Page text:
Bookmark and Share

Notice: On March 31, it was announced that Statalist is moving from an email list to a forum. The old list will shut down at the end of May, and its replacement, statalist.org is already up and running.


[Date Prev][Date Next][Thread Prev][Thread Next][Date Index][Thread Index]

ST: ST: st: Logistic regression & standardized coefficients; Multinomial GOF test


From   Ronald McDowell <McDowell-R3@email.ulster.ac.uk>
To   "statalist@hsphsun2.harvard.edu" <statalist@hsphsun2.harvard.edu>
Subject   ST: ST: st: Logistic regression & standardized coefficients; Multinomial GOF test
Date   Mon, 12 Dec 2011 08:54:41 +0000

Cam

Many thanks for the excellent references below.

Ron

Date: Thu, 8 Dec 2011 12:03:20 -0500
From: Cameron McIntosh <cnm100@hotmail.com>
Subject: RE: ST: st:  Logistic regression & standardized coefficients; Multinomial GOF test

Hi Ron,

It may make sense to standardize only with respect to X (predictors), which is easy to do. But maybe have a look at some of the more complicated formulas in:

Menard, S. (2011). Standards for Standardized Logistic Regression Coefficients. Social Forces, 89(4), 1409-1428.

Menard, S. (2004). Six Approaches to Calculating Standardized Logistic Regression Coefficients. The American Statistician, 58, 218-223.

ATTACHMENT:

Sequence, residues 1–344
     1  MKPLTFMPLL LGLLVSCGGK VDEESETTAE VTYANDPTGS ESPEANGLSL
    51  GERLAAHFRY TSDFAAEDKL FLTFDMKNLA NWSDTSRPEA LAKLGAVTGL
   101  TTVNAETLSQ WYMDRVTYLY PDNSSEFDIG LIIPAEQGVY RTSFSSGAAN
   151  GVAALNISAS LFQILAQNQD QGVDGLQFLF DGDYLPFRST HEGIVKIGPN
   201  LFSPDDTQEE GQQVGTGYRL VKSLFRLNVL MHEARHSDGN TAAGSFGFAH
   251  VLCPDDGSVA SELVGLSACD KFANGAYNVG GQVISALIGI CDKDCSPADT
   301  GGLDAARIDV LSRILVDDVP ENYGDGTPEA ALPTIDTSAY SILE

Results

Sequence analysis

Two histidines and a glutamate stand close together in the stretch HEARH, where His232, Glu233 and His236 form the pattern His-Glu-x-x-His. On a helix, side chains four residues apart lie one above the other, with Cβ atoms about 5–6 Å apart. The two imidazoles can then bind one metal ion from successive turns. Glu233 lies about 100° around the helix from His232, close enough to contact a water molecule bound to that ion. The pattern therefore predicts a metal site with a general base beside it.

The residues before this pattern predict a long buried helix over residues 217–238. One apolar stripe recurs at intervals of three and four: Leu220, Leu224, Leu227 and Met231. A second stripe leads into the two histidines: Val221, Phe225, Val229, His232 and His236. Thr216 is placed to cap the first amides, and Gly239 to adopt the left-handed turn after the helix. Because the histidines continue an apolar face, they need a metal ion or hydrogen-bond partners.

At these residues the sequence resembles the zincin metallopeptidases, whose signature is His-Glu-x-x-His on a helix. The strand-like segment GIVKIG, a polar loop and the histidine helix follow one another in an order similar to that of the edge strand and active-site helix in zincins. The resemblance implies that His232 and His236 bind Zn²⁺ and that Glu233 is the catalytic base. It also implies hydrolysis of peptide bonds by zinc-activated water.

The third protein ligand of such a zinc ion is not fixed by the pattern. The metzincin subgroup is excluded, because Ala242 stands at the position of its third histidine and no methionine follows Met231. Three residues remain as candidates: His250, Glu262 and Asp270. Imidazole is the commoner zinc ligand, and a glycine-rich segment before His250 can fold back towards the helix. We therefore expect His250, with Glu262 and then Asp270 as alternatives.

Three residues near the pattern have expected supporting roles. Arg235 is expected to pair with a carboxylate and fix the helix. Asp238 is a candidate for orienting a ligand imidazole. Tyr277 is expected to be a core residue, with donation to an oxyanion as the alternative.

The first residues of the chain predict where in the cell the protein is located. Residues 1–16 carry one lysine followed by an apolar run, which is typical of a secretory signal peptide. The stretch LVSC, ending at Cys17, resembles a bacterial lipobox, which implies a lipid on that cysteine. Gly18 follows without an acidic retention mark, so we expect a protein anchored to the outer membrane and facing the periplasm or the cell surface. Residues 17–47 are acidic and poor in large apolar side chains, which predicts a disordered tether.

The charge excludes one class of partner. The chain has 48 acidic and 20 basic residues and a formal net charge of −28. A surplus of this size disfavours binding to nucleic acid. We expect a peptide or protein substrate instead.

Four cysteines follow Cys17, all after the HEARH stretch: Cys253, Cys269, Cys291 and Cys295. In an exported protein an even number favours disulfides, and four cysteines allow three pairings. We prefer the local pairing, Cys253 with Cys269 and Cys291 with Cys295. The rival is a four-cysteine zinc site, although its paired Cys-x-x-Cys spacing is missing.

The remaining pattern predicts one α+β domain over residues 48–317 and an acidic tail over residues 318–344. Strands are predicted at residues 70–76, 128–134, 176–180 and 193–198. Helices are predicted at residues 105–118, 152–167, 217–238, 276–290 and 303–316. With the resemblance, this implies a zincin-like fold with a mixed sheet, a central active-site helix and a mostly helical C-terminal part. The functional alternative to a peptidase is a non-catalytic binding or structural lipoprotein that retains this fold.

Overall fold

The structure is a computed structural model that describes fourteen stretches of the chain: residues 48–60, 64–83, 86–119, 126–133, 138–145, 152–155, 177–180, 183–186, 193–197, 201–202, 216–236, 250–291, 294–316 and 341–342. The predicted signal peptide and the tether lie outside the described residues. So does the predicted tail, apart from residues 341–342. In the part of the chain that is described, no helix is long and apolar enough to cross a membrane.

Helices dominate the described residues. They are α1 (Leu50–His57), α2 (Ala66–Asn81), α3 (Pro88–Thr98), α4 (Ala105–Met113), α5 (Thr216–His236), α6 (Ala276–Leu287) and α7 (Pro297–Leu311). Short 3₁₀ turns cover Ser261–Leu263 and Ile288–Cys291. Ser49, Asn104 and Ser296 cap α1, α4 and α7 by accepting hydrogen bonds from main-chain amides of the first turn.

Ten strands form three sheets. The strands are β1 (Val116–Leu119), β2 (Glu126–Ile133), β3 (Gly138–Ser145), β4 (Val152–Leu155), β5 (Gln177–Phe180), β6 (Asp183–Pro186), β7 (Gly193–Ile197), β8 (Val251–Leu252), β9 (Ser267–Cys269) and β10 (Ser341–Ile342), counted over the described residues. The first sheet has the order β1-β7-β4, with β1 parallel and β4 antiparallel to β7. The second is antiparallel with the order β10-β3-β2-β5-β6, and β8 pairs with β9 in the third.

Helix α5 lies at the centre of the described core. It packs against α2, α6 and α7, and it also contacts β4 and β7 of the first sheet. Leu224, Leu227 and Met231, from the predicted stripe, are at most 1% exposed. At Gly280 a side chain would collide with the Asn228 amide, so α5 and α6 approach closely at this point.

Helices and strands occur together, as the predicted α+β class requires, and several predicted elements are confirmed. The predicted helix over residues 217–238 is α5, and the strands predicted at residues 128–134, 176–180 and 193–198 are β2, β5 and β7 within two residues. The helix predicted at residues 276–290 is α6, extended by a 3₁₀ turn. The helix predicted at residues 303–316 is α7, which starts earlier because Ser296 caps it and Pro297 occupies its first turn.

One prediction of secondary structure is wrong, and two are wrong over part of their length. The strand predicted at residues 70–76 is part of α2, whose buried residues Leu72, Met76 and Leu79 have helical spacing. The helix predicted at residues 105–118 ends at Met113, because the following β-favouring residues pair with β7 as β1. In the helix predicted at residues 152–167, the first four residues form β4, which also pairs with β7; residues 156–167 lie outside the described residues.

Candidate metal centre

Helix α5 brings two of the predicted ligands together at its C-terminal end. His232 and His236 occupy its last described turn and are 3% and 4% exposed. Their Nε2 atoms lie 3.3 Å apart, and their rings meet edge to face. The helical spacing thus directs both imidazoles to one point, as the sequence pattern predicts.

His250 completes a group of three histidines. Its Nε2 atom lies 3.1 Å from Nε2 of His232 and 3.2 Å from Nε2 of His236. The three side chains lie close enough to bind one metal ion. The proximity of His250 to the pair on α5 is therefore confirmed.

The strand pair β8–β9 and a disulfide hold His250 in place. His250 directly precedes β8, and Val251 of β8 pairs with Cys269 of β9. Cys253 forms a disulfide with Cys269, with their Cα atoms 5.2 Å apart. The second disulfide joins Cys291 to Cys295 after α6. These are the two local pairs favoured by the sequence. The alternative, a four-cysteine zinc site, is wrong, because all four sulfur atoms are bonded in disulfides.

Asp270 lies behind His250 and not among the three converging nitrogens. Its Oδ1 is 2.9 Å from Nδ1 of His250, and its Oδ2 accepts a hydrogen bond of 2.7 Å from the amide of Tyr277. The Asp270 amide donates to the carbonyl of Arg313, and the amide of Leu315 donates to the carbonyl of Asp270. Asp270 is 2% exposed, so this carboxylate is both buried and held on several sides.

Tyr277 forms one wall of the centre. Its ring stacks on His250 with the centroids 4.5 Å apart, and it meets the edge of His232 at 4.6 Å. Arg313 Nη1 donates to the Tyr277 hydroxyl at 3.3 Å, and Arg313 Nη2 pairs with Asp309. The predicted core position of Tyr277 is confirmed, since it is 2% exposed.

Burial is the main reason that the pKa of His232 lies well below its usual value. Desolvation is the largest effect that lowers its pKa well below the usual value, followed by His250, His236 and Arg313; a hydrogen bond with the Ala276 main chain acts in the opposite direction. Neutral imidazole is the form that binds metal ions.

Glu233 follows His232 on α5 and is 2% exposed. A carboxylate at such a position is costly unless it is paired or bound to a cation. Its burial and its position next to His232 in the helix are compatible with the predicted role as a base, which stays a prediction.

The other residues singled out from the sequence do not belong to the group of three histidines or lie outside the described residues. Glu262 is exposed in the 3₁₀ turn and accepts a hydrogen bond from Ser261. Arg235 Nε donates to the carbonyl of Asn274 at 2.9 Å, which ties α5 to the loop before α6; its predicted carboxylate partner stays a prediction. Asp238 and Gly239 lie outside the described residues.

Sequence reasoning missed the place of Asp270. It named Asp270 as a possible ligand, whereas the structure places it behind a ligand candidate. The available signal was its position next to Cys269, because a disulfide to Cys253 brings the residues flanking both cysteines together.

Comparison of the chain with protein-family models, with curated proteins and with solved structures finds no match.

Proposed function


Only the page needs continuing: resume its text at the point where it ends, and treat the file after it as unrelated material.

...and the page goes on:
I think it might be fairly straightforward to extend them to the nominal case. That said, you would have to think hard about whether it makes sense to standardize the predictors. This may only make sense with continuous predictors, and in my view it does not render effects comparable, because standard deviations differ across predictors and also across groups on the same predictor. I think the cautions in the following papers would apply:

King, G. (1986). How Not to Lie With Statistics: Avoiding Common Mistakes in Quantitative Political Science. American Journal of Political 
Science, 30(3), 666-687.http://gking.harvard.edu/files/mist.pdf>http://gking.harvard.edu/files/mist.pdf

Richards, J.M., Jr. (1982). Standardized versus Unstandardized Regression Weights. Applied Psychological Measurement, 6(2), 201-212. 
Greenland, S., Schlessman, J.J., & Criqui, M.H. (1986). The fallacy of employing standardized regression coefficients and correlations as measures of effect. American Journal of Epidemiology, 123, 203–208.
Greenland, S., Maclure, M., Schlessman, J.J., Poole, C., & Morgenstern, H. (1991). Standardized Regression Coefficients: A Further Critique and Review of Some Alternatives. Epidemiology, 2(5). 387-392. 
Criqui, M.H. (1991). On the Use of Standardized Regression Coefficients. Epidemiology, 2(5), 393.  
Hargens, L.L. (1976). A Note On Standardized Coefficients as Structural Parameters. Sociological Methods & Research, 5(2), 247-256

Kim, J.O., & Feree, G. D. (1981). Standardization in causal analysis. Sociological Methods and. Research, 10(2), 187–210.

Best,
Cam 
-----------------------------------------
Ron McDowell
Institute of Nursing Research
University of Ulster, Coleraine
McDowell-R3@email.ulster.ac.uk


*
*   For searches and help try:
*   http://www.stata.com/help.cgi?search
*   http://www.stata.com/support/statalist/faq
*   http://www.ats.ucla.edu/stat/stata/


© Copyright 1996–2014 StataCorp LP   |   Terms of use   |   Privacy   |   Contact us   |   Site index